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Painless Headache
Elizabeth Radisson

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What would you do if someone told you that you were suffering from a headache though you were not experiencing any headache pain? Sometimes, people who are experience odd unexplained symptoms are found to be afflicted with what is often called a silent migraine. Silent migraines are known by other names such as migraine auras without headache, ocular migraines or painless migraines.

The signs of this non-headache headache are like those a person may experience at the onset of a typical migraine, but they are never joined by headache pain. A person may have visual migraine symptoms, such as seeing flashing lights off to one side, feeling dizzy or feeling tingling or numbness in their fingers. Sometimes people even have difficulty talking, or suffer pain in odd places on their faces. These unusual symptoms are more often found in older women rather then young, and are even more rare in men.

The biggest problem with silent migraines is that these symptoms can be mistaken for other ailments. Without the symptom of headache pain, it is difficult for many health care providers to correctly identify headache as the source of the difficulty.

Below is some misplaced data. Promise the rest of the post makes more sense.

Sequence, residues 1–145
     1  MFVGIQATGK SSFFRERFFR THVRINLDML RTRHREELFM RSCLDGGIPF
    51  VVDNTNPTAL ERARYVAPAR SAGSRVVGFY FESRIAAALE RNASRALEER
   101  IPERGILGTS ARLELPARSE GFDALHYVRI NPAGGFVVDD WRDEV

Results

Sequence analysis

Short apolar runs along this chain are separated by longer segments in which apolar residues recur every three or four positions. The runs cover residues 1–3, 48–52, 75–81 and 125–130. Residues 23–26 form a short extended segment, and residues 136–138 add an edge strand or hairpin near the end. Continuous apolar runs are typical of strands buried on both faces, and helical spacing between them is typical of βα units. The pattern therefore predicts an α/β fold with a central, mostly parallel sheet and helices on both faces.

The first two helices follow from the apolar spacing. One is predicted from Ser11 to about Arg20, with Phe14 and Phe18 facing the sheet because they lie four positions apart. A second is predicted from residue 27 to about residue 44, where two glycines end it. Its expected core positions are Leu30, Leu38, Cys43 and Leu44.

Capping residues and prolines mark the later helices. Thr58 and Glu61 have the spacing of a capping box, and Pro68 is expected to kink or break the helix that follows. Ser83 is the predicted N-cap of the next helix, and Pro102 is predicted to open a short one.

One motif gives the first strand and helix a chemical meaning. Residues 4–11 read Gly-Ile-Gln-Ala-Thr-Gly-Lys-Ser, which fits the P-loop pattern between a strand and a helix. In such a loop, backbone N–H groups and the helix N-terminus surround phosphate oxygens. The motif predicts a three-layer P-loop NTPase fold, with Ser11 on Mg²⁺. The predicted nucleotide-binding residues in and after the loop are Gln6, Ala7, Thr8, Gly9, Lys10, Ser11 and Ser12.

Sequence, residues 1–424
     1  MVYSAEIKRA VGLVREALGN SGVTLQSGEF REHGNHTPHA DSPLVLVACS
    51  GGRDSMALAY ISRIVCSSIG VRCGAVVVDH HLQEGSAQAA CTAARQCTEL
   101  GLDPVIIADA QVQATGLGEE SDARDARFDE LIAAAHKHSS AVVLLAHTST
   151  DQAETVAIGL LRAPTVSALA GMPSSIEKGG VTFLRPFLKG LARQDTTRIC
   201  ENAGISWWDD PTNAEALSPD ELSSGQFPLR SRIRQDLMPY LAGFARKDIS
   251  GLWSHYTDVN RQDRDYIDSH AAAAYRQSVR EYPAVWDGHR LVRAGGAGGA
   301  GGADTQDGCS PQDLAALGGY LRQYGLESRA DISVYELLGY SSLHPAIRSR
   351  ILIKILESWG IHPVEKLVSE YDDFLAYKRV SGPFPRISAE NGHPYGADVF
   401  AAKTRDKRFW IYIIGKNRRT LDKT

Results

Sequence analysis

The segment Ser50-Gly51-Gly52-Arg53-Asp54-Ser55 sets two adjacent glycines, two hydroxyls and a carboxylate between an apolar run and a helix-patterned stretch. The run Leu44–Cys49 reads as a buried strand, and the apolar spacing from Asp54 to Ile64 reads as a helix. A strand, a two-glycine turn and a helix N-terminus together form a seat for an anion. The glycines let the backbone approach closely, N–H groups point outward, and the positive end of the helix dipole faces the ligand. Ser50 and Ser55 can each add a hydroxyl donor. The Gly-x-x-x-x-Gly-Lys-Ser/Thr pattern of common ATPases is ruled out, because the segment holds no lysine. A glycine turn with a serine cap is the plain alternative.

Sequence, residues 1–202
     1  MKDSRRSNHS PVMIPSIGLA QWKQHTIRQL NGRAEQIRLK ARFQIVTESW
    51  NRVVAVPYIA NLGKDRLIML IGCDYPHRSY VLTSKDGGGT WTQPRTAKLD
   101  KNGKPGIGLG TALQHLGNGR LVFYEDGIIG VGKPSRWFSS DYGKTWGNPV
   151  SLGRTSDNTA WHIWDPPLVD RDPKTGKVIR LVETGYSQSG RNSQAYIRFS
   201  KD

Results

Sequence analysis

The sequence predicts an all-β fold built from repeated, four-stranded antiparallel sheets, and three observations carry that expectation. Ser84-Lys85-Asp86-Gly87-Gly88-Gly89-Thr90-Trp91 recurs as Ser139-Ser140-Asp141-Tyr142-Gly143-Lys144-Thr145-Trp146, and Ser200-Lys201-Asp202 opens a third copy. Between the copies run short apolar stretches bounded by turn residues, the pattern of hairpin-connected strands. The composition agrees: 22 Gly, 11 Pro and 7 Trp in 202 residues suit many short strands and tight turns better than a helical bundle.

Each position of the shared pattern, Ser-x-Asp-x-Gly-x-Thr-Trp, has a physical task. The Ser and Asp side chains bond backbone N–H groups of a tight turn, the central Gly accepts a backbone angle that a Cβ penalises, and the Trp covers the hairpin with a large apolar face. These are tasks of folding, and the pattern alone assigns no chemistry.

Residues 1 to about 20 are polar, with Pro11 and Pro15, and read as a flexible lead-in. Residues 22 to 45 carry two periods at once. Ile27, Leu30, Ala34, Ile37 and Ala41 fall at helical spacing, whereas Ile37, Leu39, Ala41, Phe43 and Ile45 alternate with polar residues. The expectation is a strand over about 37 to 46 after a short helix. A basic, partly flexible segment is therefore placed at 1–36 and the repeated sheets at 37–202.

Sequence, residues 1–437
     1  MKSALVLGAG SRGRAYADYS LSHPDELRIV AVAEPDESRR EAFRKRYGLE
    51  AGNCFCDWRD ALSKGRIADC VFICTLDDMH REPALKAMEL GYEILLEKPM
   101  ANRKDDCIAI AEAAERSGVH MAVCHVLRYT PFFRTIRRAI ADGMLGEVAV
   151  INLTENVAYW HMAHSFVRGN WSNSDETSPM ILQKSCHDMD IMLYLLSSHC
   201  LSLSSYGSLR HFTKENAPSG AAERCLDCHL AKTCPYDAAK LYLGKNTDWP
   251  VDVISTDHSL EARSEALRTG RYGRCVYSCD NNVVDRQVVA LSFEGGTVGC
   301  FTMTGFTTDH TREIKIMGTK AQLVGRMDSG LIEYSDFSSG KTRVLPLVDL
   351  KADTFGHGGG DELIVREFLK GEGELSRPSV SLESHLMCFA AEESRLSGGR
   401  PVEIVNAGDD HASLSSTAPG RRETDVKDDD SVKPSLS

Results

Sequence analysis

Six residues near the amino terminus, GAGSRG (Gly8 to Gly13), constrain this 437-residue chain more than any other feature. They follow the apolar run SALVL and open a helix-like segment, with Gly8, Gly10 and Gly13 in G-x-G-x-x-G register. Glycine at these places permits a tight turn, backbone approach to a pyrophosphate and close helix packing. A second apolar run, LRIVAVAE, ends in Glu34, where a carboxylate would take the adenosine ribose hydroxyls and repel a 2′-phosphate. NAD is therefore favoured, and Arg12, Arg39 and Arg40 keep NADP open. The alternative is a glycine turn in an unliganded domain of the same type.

As an example, many of the symptoms experienced with painless migraines are very similar to typical stroke indicators. Many people have been misdiagnosed because doctors thought their patient might have suffered a minor stroke instead. These symptoms can also be attributed to seizures or serious visual problems. With the symptoms pointing to these more serious conditions, it is no surprise that doctors look to them first. You should allow your doctor to do whatever tests they feel are necessary to eliminate the more serious health issues. They may do a CT scan, an MRI, order blood tests to be taken and possibly an eye examination. Once these tests are completed, if everything comes back negative it is time to point your health care provider in a different direction. The way to get them to take a serious look at the possibility of a silent migraine being the cause of your symptoms is to explain your family history first. Almost all migraine sufferers have other members of their immediate family who also get migraine headaches. Then closely describe your symptoms, again, and show them how they resemble those associated with migraine. If you have had these episodes more than once that should also go a long way to convincing them that you are indeed suffering migraine symptoms without the headache pain.

For treatment, you can take any of the medications that are used in regular migraine treatment. This includes the medications some people use to try to prevent a migraine from coming once the aura has begun. Injections and nasal sprays are better to use because they are faster acting.

Elizabeth Radisson is a contibuting author and editor of the www.OurGoodHealth.org group of websites.

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